Home Secretary’s decision to refuse British Citizenship results in a High Court challenge and legal fight over ‘secret justice’
The Home Secretary Theresa May has refused to tell a significant number of migrants including refugees why they have been refused British Citizenship. Ms May had declared that the unsuccessful applicant’s were not of good character, but she could not give additional reasons because of ‘national security’ considerations.
It appears that about 100 applicants are seeking to challenge the Home Secretary’ decision by way of judicial review in the High Court and claim damages and a declaration that the decision breaches the rules of natural justice.
The applicants shall be seeking for a ruling that a decision to refuse them naturalisation under the British Nationality Act 1981 without adequate reasons were legally flawed and breached their human rights.
The Secretary of State had indicated that applicants were refused because “there was reason to believe” that they made “extremist” Islamic statements to others or acted in a way that threatened national security.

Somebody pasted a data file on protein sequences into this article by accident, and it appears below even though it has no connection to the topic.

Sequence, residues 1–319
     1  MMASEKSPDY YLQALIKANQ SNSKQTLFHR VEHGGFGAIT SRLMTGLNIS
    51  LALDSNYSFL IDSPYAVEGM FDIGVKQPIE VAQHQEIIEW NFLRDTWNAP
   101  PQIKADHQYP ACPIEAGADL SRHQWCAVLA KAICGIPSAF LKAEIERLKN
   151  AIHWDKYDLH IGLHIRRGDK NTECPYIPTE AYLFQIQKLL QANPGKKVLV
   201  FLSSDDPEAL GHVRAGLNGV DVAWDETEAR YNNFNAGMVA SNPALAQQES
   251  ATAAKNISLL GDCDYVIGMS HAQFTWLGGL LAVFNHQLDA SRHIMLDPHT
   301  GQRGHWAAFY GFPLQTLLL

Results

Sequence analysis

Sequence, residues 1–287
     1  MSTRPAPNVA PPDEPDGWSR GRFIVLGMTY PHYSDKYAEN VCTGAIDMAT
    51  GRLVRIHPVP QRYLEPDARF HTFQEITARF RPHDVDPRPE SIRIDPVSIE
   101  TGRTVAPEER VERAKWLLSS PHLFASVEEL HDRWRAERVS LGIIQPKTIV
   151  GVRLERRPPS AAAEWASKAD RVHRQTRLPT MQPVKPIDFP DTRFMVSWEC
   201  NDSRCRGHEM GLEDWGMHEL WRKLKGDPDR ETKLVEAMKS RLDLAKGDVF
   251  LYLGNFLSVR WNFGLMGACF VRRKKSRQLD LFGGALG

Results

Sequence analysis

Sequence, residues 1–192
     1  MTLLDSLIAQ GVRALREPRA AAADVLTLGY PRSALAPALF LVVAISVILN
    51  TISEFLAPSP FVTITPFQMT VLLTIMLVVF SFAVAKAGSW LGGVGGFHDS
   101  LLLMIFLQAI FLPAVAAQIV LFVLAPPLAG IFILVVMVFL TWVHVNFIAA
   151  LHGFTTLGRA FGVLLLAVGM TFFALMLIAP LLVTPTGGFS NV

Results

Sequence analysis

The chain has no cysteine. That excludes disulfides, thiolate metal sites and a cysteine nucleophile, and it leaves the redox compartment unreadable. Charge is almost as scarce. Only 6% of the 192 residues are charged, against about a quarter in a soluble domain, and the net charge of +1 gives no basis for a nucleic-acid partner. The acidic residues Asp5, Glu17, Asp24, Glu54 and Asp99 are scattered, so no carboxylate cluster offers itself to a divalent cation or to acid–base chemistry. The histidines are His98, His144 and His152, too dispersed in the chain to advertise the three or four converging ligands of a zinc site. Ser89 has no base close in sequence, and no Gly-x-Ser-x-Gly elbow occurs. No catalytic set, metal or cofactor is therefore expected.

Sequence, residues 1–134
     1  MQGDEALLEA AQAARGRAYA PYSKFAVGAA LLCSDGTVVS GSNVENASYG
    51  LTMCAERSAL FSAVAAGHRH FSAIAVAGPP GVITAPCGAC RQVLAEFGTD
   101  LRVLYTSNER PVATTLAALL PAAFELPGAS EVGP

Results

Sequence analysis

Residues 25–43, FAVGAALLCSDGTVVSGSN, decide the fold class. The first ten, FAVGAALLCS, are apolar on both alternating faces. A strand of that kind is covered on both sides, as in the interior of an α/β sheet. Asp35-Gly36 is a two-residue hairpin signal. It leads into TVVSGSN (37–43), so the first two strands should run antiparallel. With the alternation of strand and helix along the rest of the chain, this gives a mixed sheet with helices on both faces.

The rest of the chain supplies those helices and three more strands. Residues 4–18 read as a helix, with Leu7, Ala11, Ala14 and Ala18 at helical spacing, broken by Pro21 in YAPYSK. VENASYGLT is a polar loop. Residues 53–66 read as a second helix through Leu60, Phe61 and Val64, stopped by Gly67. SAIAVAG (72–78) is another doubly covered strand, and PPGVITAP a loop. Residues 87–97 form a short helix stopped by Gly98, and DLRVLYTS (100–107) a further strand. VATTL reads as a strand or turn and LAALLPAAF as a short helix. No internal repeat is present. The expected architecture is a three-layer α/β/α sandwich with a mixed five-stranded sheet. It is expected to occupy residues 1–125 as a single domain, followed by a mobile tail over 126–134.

The applicant’s argue in their claim for judicial review that they are being denied the fundamental “right to know” of the evidence against them so they can rebut this. Before the cases can be heard in the High Court in London, a hugely controversial preliminary issue needs to be resolved.
This amounts to whether the Government can apply a “Closed” procedure to battle the pending legal High Court challenge. James Eadie QC representing the Home Secretary argued that the closed material procedure (CMP) should be applied at pending hearings. Lawyers for the applicants argue that the CMP would undermine the fundamental principles of natural justice and fairness.
Lawyers for the applicant’s argue that a more traditional approach should be followed where security sensitive materials are kept confidential, they contend this to be fairer under the “public interest immunity procedure” (PII). Under the PII the presiding Judge would decide what materials should be disclosed openly and what remains confidential to protect national security interests.
Crucial to the arguments of both sides, the lawyers for the applicant’s argued that the Al Rawi case ruling should be followed. In Al Rawi a case involving a Guantanamo Bay detainee, the government sought to apply the CMP procedure to rebut human rights abuse claims for damages. The Supreme Court ruled that there was no statutory authority for CMP and it was not followed.
Mr Eadie QC for the Home Secretary argues that that the judicial review claim in question is a different situation from that of Al Rawi, which alleged rendition, detention and mistreatment. Lawyers for the applicant’s argue that the Home Secretary had failed in her public law duty to provide adequate reasons to the applicant’s and give them a fair opportunity to challenge the decision at the High Court. If CMP were applied, applicants could lose their case and never know why.